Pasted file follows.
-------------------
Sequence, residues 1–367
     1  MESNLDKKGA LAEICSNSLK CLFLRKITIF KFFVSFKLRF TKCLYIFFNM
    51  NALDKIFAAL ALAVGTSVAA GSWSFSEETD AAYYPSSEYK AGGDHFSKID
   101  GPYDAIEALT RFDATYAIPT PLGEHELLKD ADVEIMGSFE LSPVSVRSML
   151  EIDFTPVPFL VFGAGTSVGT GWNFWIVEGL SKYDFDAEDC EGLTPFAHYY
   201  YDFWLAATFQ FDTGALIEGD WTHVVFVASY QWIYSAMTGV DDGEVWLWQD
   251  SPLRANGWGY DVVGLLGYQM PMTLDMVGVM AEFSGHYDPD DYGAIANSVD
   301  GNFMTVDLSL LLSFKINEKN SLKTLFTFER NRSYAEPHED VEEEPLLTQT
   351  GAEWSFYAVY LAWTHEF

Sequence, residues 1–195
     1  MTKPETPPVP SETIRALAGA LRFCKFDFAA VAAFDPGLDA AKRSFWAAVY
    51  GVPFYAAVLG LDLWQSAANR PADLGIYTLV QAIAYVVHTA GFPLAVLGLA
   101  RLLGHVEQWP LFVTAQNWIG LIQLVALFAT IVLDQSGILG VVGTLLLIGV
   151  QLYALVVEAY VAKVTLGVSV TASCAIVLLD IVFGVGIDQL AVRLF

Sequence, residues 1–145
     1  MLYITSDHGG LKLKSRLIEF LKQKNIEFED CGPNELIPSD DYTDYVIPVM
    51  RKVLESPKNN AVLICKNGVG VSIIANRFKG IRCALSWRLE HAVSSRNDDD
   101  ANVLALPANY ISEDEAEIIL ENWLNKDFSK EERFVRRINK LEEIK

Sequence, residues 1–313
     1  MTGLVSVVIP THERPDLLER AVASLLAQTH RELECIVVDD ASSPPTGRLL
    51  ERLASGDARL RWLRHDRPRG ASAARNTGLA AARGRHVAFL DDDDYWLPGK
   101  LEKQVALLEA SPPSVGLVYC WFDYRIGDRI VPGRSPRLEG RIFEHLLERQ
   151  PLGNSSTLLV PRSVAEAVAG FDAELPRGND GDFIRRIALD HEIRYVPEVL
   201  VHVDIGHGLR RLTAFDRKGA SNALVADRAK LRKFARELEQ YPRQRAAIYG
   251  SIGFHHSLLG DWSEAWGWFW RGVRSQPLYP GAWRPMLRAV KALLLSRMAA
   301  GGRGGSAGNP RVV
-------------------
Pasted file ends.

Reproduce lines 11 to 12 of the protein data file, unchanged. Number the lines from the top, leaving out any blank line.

     1  MTKPETPPVP SETIRALAGA LRFCKFDFAA VAAFDPGLDA AKRSFWAAVY
    51  GVPFYAAVLG LDLWQSAANR PADLGIYTLV QAIAYVVHTA GFPLAVLGLA